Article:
Phoenix Bow Rehair

How often should I get my bow rehaired?

How often should I get my bow rehaired?

By on Jun 23, 2016 in All About Bows | 0 comments

This is one of the most commonly asked questions that I encounter from my students, other professionals, and from my clients. As we practice and perform on a nearly daily basis, we do not notice the degradation of the hair every time we pick up the bow, but with every use, the hair will stretch, and will lose some of its ability to properly grip the string, resulting in a diminished quality of sound for the performer. As well, hair that has been on a bow too long will become soiled with old rosin, dirt, and oils from the fingers of the performer. Once this has occurred, the individual strands of hair will become horizontally connected to each other, and no longer vibrate in the optimum fashion for the best tone production. For optimum tone quality to occur on a bowed string instrument, the hair that is contacting the strings needs to be absolutely clean of any dirt and oils, and have just enough rosin to make to string speak. The more foreign substances that are on the hair, the more hair, or string “noise” that can be heard. This is also described as the “crackling” sound that is heard, especially when holding long sustained pitches.

As the bow hair ages and degrades in quality, one of the most common occurrences (and signs that it is time to get a rehair), is that a lot of the hair on your bow starts breaking. While I only source my hair from the best possible distributor, who grades their hair partially on a proprietary method (and the only to do so in the industry) by its ability to maintain its strength through multiple stretching sessions, all bow hair will eventually break from over use. Breaking a few hairs from the bow is not a big deal, and the bow will not be negatively affected, but once there have been more than 10% of the hair broken, there will be a negative effect on both the physical aspect of the bow, and also on the sound that is produced. As most stringed instrument performers tend to tip the bow at an angle to the string (not maintaining flat bow hair to the string), the band of hair tends to wear unevenly, and will break more on one side than the other. When this is permitted to continue for too long, the hair will not tension properly on the bow, pulling more on one side than the other, and cause the bow the warp. While this can be fixed, it is best to never permit the situation to occur from the beginning.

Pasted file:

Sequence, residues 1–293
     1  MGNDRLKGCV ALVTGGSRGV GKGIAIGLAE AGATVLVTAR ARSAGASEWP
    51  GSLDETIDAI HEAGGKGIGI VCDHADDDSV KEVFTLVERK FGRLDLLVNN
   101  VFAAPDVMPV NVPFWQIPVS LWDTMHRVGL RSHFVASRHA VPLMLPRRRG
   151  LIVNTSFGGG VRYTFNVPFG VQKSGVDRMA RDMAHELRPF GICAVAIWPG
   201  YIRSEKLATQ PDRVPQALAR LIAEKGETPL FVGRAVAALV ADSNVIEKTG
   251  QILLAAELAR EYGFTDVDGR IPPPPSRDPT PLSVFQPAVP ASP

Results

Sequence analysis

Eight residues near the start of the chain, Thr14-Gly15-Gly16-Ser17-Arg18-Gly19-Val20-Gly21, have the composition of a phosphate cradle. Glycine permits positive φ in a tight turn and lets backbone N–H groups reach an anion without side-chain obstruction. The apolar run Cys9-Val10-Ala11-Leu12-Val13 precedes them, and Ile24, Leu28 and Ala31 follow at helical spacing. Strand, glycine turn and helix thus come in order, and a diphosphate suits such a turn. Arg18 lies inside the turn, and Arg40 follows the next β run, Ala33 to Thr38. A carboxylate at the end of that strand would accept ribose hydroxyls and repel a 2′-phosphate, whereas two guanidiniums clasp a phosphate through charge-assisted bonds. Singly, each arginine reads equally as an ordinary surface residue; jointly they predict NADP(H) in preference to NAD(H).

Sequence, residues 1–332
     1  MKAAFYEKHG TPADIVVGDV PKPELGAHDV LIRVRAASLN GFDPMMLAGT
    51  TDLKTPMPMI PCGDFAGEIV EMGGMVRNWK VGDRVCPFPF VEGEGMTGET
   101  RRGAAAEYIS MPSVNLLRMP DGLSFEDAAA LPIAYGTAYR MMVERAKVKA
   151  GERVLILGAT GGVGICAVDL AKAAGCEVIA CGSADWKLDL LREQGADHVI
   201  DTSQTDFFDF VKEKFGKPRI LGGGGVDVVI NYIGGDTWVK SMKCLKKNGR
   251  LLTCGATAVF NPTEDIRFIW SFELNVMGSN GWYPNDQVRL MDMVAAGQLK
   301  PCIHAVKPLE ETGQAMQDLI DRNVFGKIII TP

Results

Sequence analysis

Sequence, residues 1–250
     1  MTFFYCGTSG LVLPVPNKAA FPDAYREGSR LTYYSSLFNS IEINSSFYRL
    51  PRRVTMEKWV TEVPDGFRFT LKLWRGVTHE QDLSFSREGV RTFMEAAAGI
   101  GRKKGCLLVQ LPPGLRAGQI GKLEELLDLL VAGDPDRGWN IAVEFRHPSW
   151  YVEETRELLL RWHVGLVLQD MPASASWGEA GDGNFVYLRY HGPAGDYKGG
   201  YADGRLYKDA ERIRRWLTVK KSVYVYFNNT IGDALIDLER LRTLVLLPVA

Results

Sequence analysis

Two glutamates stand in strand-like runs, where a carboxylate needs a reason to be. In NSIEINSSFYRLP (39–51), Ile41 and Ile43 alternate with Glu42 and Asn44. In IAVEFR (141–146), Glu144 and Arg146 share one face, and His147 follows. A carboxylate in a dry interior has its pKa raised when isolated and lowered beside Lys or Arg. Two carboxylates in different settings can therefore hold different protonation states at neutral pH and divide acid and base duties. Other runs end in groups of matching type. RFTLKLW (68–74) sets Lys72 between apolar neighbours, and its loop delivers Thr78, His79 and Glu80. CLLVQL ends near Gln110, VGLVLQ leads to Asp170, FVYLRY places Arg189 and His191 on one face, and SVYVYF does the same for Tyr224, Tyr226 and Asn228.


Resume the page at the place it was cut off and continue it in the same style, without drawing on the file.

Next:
Another result of playing on hair that is old, and stretched, is that the performer is working harder than they need for performance, which can result in extra tension in the bow hand, and may also cause injury to the performer from the unnecessary tension. There are many instances where I have had clients tell me after a rehair, “I had no idea that I was working so hard!” For optimum performance to occur, we can never work more than is absolutely necessary.  

I have some clients that are very hard on their bows, and because of this they will have their bows rehaired several times a year. While for some, this regularity might seem unnecessary, once they have gotten into the habit of getting their bow rehaired on a regular basis, it is a practice that they are very happy to maintain. For most professionals, they should get their bow rehaired at least every 3 to 6 months, and no more than a year. Most students should be able to get by, with once a year, but the serious student will be served well with every 6 months. For both the professional, and the student, it is imperative that they get their bow rehaired before any audition. As one of my old teachers said, “You wouldn’t go into a car race with old tires!”